zone-member security ezvpn-zone
 tunnel mode ipsec ipv4
 tunnel protection ipsec profile SDM_Profile1

ip local pool SDM_POOL_2 192.168.y.y 192.168.y.z

ip access-list extended SDM_AH
 remark SDM_ACL Category=1
 permit ahp any any
ip access-list extended SDM_ESP
 remark SDM_ACL Category=1
 permit esp any any

Cisco AnyConnect Essentials still crushing it

Seems my original post about the AnyConnect Essentials license is still quite popular. So why not capitalize on that! 🙂

The license does work as advertised. It’s a replacement for the IPSEC based client that Cisco seems to have stopped development on. I’ve been using it in numerous situations and it works great!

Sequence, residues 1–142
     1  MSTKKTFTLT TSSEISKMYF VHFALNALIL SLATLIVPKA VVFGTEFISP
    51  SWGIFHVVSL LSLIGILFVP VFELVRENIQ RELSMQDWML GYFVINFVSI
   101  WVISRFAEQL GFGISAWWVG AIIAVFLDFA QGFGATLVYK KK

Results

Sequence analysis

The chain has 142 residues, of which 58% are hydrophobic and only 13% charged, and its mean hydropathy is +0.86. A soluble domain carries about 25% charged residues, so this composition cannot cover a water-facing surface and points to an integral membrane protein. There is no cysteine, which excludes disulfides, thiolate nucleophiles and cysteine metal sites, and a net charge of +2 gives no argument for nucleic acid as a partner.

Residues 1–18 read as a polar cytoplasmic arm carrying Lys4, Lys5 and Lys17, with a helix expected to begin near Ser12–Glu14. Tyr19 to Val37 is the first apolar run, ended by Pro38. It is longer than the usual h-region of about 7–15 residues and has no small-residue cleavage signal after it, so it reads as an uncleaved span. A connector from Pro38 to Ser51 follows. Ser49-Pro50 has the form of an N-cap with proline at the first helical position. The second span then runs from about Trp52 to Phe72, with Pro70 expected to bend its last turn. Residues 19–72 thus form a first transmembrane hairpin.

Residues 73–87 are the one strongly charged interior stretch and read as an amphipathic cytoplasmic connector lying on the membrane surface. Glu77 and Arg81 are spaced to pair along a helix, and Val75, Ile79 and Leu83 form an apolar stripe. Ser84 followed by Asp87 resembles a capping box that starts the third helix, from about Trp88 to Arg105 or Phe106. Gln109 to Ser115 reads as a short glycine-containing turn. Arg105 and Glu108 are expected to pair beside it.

I just have a funny situation though where my client was exploring alternatives to Cisco. We got pricing for a couple of competitors including Sonicwall and Juniper and let me tell you…whoo-boy! I guess the others haven’t felt compelled to follow Cisco’s lead and they are still charging ridiculous sums for the SSL VPN clients. Of course there were howls of protest about how their clients did so much more and that if you wanted the same level of functionality you had to pay for Cisco’s full SSL VPN solution. All true, but who cares????

I want a simple client based SSL VPN to replace the IPSEC clients of old. I don’t need all the fancy clientless stuff. I suspect that’s true for a lot of customers. Cisco’s pricing strategy for the AnyConnect Essentials is smart not just because they don’t want to continue to develop the IPSEC client but because it drives business away from their competitors.